On NPR News what do you call a an outdoor prison camp where the 2000 inmates "live outside, sleeping on cots in hundreds of old canvas tents in the broiling summer heat and the chilly desert winter"? It's "the place called Tent City, Joe Arpaio's most famous invention" where "the idea is to make life tough and humiliating."
And when male inmates are forced to wear "a black and white striped uniform usually worn over pink underwear" that's just "the Sheriff's fashion creation" that inmates "model" for the NPR reporter.
Even when Robbins tells us that "for food the Sheriff serves the inmates green, as in fetid baloney sandwiches" the tone is humorously matter of fact.
I considered writing a parody of Ted Robbins' pro-police state report on Maricopa Sherrif Joe Arpaio, but it was just too depressing to try. His story is disgusting, and echoes the humorous euphemisms that torturers often use to describe their crimes.
It is telling that on a morning when anti-immigrant/nativist racism is making the news, NPR chooses to do a folksy send up of this anti-immigrant, racist, prisoner-abusing Sheriff, Joe Arpaio of Maricopa County in Arizona. CNN covered this creep back in 1999 - and the story has grotesque foreshadowing of Abu Ghraib - inmates exposed to hot and cold weather in run down tents and forced to where humiliating underwear. In fact the Maricopa Sheriff's office drew the attention of Amnesty International back in 1997 for abuses and reported torture with stun guns - and the intervention of the ACLU in 2007 for abuse to a quarantined TB patient. But on NPR Arpaio is introduced by Steve Inskeep as "a man enforcing laws at all costs..." and his perverted practices are described by Robbins as "either innovative or a throw-back to harsher times."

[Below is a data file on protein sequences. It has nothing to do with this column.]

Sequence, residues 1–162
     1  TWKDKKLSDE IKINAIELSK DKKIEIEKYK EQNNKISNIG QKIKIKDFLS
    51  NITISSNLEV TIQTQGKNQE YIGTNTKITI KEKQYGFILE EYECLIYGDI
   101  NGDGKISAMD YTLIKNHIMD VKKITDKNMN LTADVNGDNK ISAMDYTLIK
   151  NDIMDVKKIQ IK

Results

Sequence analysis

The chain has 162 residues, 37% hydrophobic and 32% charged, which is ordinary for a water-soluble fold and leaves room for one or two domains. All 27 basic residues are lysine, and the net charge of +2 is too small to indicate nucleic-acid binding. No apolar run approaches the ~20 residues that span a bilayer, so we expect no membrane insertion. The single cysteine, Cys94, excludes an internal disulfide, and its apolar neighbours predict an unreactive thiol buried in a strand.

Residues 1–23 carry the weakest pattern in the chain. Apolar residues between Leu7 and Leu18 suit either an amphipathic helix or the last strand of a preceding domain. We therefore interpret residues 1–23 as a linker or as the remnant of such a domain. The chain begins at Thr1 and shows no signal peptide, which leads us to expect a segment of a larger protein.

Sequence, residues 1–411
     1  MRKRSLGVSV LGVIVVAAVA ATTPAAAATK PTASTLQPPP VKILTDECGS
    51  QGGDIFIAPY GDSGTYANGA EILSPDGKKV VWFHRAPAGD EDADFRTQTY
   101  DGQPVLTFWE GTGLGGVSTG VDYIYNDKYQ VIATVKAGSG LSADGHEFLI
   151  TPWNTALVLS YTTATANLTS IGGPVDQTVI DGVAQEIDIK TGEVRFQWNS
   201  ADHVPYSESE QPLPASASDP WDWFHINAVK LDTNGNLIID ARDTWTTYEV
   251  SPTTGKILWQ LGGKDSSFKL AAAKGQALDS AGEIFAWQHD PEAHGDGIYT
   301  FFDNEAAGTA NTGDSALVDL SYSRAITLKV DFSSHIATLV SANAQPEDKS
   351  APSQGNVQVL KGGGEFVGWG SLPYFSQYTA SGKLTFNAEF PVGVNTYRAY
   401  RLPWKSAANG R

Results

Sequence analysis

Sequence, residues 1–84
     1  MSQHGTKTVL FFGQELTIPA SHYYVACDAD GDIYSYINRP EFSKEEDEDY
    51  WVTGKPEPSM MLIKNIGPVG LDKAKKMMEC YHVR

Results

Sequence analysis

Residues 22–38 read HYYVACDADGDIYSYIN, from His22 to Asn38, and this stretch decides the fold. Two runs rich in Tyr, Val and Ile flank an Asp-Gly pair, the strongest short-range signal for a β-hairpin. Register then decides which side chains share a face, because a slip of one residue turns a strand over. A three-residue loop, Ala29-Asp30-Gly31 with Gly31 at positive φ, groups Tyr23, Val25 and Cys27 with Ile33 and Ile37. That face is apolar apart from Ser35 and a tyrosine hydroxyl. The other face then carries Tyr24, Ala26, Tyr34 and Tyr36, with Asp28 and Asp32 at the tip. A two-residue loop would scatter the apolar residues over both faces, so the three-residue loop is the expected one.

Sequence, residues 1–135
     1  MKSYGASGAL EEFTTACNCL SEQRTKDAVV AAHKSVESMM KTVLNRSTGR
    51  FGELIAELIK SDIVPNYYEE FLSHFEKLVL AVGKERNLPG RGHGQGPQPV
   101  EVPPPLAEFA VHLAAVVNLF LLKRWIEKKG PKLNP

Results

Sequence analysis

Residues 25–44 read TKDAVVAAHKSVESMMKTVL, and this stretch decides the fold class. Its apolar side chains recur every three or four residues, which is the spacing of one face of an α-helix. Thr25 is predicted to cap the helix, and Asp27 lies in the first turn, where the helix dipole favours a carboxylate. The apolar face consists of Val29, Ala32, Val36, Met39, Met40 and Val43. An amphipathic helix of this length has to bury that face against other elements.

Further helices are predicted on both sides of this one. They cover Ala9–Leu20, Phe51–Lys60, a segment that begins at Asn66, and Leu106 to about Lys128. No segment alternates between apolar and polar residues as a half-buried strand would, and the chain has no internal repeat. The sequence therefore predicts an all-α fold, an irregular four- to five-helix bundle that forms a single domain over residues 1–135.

There are times when I think maybe I'm a bit too critical of NPR, and then they run a piece like this and I just think, why would anyone with a conscience want to support this mockery of journalism.